Breaking Strategic Inertia: Tips from Two Leaders

Frameworks abound for developing corporate strategy. But there’s no textbook or theory that explains how to deliver on that strategy by shifting capital, talent, and other scarce resources from one part of a business to another. One reason is that the moves each organization must make at any point in time are unique. Another is that different senior executives have different roles to play. But that’s not to say companies can’t learn from one another—in fact, understanding the broad range of reallocation challenges faced by different executives sheds valuable light on common pitfalls and the decision-making processes for sidestepping them.

Featured here are perspectives from two different industries and corners of the C-suite. Guy Elliott, the CFO of Rio Tinto, one of the world’s biggest mining companies, discusses how it decides when and how to place its bets. And Andreas Kramvis, who heads Honeywell Performance Materials and Technologies, provides insight from a business unit perspective and outlines his novel approach to bringing strategy and resources into alignment.
Guy Elliott has been the CFO of Rio Tinto—one of the world’s most diversified mining companies, with operations on six continents and net assets of roughly $60 billion—since 2002.
Guy Elliott

Prioritizing projects and regions

We start from the proposition that we are not strategic capital allocators; we are bottom-up capital allocators. We invest not by choosing the commodity in which to put money but by choosing the project in which to put money. For example, we observed that 80 percent of the money in the copper world is made by 20 percent or less of the world’s copper mines. Our objective is for all of our mines in all of our products to be in that 20 percent because we think we’re particularly good at running large, long-life, low-cost mines.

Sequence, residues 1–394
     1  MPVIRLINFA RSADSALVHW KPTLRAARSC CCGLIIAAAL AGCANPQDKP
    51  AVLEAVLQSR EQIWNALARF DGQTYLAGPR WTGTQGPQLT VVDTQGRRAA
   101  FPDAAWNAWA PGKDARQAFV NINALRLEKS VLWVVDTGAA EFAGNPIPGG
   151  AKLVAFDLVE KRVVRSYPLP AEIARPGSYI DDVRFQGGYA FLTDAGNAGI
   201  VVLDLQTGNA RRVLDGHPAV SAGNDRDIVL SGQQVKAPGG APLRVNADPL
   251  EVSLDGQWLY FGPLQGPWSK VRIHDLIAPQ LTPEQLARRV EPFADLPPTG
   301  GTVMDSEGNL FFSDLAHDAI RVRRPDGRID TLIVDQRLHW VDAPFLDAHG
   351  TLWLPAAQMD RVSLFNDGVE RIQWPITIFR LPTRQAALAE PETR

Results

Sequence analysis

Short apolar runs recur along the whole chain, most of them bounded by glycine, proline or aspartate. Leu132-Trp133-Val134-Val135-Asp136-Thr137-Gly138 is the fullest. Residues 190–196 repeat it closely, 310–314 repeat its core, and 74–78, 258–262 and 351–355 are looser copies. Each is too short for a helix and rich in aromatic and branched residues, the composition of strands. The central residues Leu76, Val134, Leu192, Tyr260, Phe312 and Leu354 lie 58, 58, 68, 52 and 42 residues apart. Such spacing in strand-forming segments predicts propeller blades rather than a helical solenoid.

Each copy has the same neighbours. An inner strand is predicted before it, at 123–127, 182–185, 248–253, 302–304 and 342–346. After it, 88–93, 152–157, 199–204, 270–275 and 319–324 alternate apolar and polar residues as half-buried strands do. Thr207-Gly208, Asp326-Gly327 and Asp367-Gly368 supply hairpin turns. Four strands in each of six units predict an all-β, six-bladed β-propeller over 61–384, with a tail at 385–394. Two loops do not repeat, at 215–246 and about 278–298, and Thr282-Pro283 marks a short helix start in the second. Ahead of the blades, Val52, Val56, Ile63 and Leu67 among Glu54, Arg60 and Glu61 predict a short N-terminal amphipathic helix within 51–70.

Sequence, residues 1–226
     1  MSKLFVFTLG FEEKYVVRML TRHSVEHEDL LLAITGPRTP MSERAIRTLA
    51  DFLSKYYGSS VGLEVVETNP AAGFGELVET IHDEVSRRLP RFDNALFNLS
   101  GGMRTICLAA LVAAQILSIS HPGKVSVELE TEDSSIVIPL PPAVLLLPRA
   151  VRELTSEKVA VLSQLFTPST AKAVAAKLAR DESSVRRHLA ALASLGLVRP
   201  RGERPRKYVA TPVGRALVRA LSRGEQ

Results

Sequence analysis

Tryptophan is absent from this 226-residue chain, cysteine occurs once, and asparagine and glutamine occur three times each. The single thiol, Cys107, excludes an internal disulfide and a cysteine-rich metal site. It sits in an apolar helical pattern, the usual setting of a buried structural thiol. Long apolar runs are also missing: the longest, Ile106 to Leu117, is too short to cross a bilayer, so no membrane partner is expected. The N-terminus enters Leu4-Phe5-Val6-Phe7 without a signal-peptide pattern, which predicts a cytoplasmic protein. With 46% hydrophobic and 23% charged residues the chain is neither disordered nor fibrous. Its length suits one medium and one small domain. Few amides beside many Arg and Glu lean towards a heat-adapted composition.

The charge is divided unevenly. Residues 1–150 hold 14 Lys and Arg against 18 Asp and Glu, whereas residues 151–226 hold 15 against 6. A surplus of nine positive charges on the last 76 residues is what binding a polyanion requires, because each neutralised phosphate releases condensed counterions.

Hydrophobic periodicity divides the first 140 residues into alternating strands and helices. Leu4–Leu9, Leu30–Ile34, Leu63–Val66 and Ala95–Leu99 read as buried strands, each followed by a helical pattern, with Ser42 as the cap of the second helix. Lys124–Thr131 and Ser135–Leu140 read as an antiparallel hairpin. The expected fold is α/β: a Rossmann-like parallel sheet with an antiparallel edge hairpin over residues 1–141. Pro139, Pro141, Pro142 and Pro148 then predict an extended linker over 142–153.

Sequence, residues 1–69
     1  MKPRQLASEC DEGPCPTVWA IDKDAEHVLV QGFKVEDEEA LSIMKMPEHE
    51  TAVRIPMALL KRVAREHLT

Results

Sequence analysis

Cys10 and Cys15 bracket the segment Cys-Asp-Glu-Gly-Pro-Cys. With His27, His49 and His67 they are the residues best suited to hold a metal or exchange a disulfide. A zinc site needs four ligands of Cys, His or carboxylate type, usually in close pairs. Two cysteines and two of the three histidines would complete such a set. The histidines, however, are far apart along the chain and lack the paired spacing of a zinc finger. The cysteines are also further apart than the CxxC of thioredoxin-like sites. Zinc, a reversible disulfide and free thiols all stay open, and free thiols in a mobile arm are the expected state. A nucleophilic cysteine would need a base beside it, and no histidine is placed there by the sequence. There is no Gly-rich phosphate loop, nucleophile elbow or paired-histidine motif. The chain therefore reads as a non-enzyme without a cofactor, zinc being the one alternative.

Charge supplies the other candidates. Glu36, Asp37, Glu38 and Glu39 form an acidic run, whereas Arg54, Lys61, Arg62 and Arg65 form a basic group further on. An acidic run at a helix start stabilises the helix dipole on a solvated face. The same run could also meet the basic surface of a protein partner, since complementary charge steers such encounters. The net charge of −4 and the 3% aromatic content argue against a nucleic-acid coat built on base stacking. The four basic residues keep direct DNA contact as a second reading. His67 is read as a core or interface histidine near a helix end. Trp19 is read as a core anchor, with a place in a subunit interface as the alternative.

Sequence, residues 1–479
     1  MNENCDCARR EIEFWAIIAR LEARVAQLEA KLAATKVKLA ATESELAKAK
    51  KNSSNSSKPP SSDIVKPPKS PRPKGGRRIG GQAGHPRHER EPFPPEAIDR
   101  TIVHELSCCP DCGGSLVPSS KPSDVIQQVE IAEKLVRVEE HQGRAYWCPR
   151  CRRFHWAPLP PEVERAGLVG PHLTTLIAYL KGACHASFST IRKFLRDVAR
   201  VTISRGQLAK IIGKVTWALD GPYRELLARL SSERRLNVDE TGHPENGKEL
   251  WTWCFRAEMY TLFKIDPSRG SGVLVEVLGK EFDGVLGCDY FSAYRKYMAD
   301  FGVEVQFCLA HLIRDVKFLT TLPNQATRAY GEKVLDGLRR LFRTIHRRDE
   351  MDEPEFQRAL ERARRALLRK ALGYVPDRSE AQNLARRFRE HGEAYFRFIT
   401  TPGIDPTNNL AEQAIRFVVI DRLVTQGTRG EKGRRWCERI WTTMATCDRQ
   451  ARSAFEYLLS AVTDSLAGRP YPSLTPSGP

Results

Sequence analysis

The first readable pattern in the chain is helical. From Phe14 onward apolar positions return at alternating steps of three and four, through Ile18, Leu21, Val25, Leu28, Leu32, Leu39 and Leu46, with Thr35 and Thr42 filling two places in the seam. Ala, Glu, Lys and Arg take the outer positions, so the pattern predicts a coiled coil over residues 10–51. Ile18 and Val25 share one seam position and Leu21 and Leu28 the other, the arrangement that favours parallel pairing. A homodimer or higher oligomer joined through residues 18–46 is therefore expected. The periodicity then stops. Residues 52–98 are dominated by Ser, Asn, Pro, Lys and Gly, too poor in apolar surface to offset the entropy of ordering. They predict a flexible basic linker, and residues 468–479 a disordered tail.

Historically, we have not been particularly worried about which product is “in,” because in the short to medium run, copper mines may do better than nickel, or iron ore may do worse than aluminum. But on a 50-year horizon, it’s much less clear that one metal is better than another. It’s certainly true that one may have higher demand than another, but what really matters is the difference between supply and demand, and supply can often overshoot demand. The point of departure for us has been bottom-up: geologically and infrastructure driven. Is this deposit capable of being, over a long period, a low-cost, expandable operation in its industry? If it is, let’s allocate capital to it.
There’s another dimension to this, beyond just looking at our portfolio in project terms. You can also look at it as a jurisdiction portfolio. For example, a very high percentage of assets in our portfolio—approaching half—are in Australia, and about 40 percent are in North America and Europe, mostly in Canada. And then we have about 10 percent in emerging markets. As we look for new opportunities, they’re mostly in emerging markets. So that 10 percent will enlarge over time, but we need to think a bit more about the political risk and the management challenge of emerging markets versus what we might call “safer” jurisdictions.